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Br Vet J. 1996 Jul;152(4):377-93.

The role of dipterous insects in the mechanical transmission of animal viruses.

Author information

1
Institute for Animal Health, Pirbright Laboratory, Woking, Surrey, UK.

Abstract

Animals viruses may be transmitted by arthropods in two ways, either biologically or mechanically. Many different species of Diptera are implicated in mechanical transmission, but haematophagous species are the most important. The insects become contaminated with virus during normal feeding behaviour, and virus persists on their mouthparts or body until the next feed. Some viruses are inactivated rapidly on mouthparts, whereas others survive for many days or weeks, prolonging the potential period of transmission. Some viruses produce high titres in the skin of the infected vertebrate host, which facilitates transmission, whereas other viruses are transmitted even during relatively low levels of viraemia. Mechanical transmission by arthropods is important in the epidemiology of many animal diseases, and may be the major mode of horizontal transmission. In other instances vector spread is merely incidental.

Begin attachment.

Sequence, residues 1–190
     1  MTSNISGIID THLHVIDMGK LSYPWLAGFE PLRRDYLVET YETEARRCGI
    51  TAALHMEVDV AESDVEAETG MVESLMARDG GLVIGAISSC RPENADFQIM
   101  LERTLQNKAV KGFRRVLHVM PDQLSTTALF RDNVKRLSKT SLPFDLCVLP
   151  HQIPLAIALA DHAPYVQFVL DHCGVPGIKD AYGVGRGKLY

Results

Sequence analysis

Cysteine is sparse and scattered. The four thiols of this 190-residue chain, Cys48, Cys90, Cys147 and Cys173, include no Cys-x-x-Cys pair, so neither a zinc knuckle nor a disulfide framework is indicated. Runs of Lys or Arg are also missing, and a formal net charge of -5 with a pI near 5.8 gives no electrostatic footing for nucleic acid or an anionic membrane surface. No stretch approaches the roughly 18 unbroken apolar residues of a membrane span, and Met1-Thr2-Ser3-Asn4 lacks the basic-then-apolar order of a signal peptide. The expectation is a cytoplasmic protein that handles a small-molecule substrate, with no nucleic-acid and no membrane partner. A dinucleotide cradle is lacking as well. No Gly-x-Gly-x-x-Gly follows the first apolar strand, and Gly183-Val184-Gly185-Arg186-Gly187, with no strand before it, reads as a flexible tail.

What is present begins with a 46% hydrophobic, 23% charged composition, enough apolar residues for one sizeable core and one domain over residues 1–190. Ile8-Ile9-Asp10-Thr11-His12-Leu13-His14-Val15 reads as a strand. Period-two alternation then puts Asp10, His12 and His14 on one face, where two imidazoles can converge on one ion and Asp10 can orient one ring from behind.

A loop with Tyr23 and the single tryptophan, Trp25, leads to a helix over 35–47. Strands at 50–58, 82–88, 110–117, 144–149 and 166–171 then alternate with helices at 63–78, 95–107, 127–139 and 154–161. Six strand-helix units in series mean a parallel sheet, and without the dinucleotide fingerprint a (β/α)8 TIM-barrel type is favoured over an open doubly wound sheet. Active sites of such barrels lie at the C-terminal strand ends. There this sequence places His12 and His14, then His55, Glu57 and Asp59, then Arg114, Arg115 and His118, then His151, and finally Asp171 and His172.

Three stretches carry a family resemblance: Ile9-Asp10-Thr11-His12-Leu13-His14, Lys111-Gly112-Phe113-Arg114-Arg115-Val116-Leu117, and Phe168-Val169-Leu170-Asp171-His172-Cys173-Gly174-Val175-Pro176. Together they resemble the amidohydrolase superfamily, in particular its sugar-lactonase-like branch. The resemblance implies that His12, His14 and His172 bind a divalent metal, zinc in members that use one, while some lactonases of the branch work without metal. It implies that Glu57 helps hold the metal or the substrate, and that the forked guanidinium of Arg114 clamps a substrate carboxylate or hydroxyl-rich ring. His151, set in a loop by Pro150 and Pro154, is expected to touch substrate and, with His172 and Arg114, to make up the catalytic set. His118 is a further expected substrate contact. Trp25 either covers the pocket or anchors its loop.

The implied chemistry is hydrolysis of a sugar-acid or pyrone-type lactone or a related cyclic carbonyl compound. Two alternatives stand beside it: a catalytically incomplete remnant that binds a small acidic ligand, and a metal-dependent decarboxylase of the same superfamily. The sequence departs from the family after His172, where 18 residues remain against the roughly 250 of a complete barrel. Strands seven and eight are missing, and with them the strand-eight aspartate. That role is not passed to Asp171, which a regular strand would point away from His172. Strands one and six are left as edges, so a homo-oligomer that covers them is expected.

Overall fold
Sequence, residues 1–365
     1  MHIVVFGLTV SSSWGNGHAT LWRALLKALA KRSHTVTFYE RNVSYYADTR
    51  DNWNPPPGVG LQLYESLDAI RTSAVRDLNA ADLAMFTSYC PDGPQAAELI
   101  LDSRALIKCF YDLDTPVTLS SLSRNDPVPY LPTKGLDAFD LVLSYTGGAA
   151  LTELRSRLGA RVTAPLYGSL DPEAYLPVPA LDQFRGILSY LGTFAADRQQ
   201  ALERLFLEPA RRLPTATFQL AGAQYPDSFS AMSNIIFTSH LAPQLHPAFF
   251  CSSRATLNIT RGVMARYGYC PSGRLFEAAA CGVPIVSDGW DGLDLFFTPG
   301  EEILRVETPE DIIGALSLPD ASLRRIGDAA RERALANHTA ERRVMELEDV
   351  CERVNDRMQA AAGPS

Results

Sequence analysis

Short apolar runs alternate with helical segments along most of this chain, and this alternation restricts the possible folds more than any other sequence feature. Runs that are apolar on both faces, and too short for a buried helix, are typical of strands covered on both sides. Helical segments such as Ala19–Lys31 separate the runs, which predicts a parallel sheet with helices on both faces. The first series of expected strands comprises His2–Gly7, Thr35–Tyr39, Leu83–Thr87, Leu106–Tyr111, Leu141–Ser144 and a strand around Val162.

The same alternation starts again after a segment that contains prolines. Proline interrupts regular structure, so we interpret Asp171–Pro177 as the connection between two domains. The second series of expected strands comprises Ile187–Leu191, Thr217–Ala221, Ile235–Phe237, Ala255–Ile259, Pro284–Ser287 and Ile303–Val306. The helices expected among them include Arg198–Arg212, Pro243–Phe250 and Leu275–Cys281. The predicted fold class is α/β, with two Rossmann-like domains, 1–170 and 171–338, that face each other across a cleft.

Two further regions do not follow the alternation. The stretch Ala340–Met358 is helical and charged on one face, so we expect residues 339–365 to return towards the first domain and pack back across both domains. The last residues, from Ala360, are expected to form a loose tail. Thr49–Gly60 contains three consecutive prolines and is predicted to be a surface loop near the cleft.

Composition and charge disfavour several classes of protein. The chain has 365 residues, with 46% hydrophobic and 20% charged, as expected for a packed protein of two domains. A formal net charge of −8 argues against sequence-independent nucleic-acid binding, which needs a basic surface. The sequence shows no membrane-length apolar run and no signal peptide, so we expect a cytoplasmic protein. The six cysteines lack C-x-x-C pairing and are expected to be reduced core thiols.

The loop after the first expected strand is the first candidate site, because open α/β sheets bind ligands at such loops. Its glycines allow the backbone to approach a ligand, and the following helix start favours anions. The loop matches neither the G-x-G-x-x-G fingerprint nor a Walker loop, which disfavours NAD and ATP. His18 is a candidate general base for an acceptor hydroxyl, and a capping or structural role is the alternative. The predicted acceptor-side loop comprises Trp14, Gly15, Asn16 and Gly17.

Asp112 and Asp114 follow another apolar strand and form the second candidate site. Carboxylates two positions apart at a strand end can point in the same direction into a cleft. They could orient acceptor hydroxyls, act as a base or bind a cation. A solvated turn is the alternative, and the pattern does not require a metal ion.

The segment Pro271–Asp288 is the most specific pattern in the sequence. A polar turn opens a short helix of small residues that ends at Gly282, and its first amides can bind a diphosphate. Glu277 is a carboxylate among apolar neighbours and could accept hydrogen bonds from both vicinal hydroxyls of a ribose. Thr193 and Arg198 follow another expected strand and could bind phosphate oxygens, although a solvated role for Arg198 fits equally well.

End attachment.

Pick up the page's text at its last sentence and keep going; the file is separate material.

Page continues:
PMID:
8791847
DOI:
10.1016/s0007-1935(96)80033-9
[Indexed for MEDLINE]

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